Why Optimism Matters

Is there such a thing as being TOO positive in how you approach life?


Is optimism simply a perspective that some people are born with?


How does a leader’s outlook, pessimistic or optimistic, impact their team?


Do people across the globe hold the same view of optimism?


These are among the questions I considered as I wrote my part of Positive Outlook: A Primer for my new series on the twelve Competencies in my model of Emotional Intelligence.


Researchers have tried to tease apart how optimism helps or hinders leaders at all levels in an organization. Their findings helped me understand the nuances of this important skill. Yes, I said “skill.” People are not born optimists – a positive outlook is something you can develop, just as you can enhance physical skills such as swimming.


What is Positive Outlook?


A positive outlook means you’re able to see opportunity even when faced with what at first glance seems a failure. You expect that changes in the future will be for the better. This view combines different strands of research on optimism. One, the focus of work by Martin Seligman and his colleagues at the University of Pennsylvania, looks at how people explain to themselves the good or bad situations they encounter. Some people blame themselves for bad things that happen and assume that such setbacks will continue to occur and will impact everything they do. Others think that setbacks are situational, caused by a variety of forces – not due to some personal failing – that things will improve, and that they have the capabilities to shift things for the better.


Why Positive Outlook Matters for Leaders


It’s no surprise that research by Barbara Fredrickson at the University of North Carolina shows that Positive Outlook leads to positive emotions. What matters for business is the knock-on effect: positive emotions increase performance, loyalty, motivation, and customer service.


Then consider that the emotions of leaders shape the feelings of the people around them for better or worse. Such “emotional contagion” has been extensively studied by Sigal Barsade at the Wharton School of Management. In a recent Harvard Business Reviewarticle, Dr. Barsade and a colleague detail how leaders’ emotions can create a positive emotional culture and enhanced performance.


Too Positive?


But don’t be a Pollyana: several studies point to the dangers of too much positivity. Reality matters. For example, people who are chronically anxious find it helpful to use “defensive pessimism” to consider and prepare for a range of possibilities, not just for the best-case scenario. And, in some situations, a bit of pessimism is a tempering influence to help us not leap into something that is realistically beyond our ability. For example, I might feel truly optimistic that I can climb Mount Everest, but I recognize that optimism won’t get me up the mountain given that I have no background in high altitude climbing.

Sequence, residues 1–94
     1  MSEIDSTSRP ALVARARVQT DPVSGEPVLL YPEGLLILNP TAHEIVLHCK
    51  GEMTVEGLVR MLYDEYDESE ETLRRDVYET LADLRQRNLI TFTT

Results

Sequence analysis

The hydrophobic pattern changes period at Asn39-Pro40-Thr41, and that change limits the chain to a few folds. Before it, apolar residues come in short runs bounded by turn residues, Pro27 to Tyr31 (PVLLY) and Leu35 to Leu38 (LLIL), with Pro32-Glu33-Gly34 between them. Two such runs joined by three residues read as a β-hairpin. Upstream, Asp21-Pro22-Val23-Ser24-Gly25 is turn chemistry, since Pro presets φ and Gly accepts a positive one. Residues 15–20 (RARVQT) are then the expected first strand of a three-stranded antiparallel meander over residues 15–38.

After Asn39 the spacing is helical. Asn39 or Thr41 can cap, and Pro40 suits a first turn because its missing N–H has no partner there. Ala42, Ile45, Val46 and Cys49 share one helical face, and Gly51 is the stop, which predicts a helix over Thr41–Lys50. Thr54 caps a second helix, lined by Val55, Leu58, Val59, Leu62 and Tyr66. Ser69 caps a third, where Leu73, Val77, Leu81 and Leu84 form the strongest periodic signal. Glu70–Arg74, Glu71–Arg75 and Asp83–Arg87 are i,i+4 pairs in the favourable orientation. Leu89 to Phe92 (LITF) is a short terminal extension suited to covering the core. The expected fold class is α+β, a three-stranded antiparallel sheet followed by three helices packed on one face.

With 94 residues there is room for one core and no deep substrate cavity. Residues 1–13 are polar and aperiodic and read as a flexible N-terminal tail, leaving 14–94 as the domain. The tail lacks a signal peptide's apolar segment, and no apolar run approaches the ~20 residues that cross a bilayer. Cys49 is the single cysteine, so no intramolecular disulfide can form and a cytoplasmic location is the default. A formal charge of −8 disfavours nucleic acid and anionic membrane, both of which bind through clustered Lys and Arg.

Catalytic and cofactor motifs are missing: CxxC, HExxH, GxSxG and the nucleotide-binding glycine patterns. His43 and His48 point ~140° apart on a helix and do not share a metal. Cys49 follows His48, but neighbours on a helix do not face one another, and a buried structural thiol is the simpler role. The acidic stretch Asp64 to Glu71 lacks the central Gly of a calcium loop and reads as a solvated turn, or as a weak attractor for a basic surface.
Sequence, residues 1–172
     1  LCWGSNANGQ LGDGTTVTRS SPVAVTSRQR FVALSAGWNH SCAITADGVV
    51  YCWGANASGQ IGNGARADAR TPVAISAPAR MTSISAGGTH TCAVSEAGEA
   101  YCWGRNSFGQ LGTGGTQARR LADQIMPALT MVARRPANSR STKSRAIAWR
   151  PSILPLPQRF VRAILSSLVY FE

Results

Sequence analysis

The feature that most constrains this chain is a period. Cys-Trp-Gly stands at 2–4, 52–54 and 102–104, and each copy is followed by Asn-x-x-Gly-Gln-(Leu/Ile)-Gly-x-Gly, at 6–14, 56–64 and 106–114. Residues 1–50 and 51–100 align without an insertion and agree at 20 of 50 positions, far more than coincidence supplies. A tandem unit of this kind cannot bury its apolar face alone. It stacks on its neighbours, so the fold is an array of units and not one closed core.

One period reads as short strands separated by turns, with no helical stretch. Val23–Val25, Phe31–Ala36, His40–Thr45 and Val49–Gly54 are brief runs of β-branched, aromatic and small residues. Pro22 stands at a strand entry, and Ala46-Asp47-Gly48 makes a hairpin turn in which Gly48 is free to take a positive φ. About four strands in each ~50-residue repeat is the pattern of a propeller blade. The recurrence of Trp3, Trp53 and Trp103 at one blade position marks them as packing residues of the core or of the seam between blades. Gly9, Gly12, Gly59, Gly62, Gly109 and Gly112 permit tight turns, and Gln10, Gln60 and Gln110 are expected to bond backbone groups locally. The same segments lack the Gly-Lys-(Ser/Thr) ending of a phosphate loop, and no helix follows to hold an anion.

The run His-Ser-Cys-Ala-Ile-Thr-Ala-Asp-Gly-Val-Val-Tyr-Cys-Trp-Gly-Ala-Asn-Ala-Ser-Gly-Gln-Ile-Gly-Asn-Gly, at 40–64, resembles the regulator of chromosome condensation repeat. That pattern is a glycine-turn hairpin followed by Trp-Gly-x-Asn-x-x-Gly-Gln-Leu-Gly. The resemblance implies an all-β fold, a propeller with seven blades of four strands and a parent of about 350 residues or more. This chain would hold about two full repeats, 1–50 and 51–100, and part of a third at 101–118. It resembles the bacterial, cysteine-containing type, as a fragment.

In the business world, Harvard research finds, the most successful entrepreneurs have a realistic sense of optimism based on the strengths they know they and their outfit have. Entrepreneurs who fail too often are victims of their own excessive optimism. On the other hand, there are those who never risk because their pessimism leads them to under-estimate their own capacities.


Another case of “too much positivity” comes into play because of cultural differences. What comes across as an optimistic, positive outlook in American culture can be seen as arrogance in Europe. Likewise, in many Asian countries, bubbly optimism comes across as too self-promoting or bold.


How to Build a Positive Outlook


One of the best ways to build a Positive Outlook is to use techniques from mindfulness meditation. With mindfulness, you monitor whatever goes on within the mind. The basic premise of mindfulness meditation is to notice when your mind has wandered from your focus and to bring it back to focus. Repeating that basic “notice and re-focus” move builds connections in your brain so that it is easier for your thoughts to make those connections in the future. You are essentially re-wiring the neural circuits, and building new habits.


Similarly, to develop a more Positive Outlook, first you must notice that you are focused on the negative. This takes Emotional Self-Awareness, a fundamental Emotional Intelligence competency, then actively choosing to shift your focus to a positive feeling. For example, how do you react when you see that your team’s sales dropped in the past quarter? Do you feel hopeless in the face of those lower numbers and convinced they signal a downward trend? If so, create a list of the ways your team is working to boost sales, to remind yourself of the upside. Then, when you first feel that distressing “sales are going to keep sliding” feeling, catch yourself, and redirect your focus to something positive from the list. That might feel like a small step, but that’s the power of mindfulness, and the moment-by-moment development of an EI competency. Repeating those steps—notice, redirect—many times builds the pathways of positive feelings in your brain.

(This blog was originally published on LinkedIn. It has been re-posted here with prior permission from Daniel Goleman.)

(Image Courtesy: Pixabay.com)

Categories: Leadership

About Author

Orange Themes

Daniel Goleman

Daniel Goleman is the Co-Director of Consortium for Research on Emotional Intelligence in Organizations....

Read more

Write a Comment

Your e-mail address will not be published.
Required fields are marked*


Recent Comments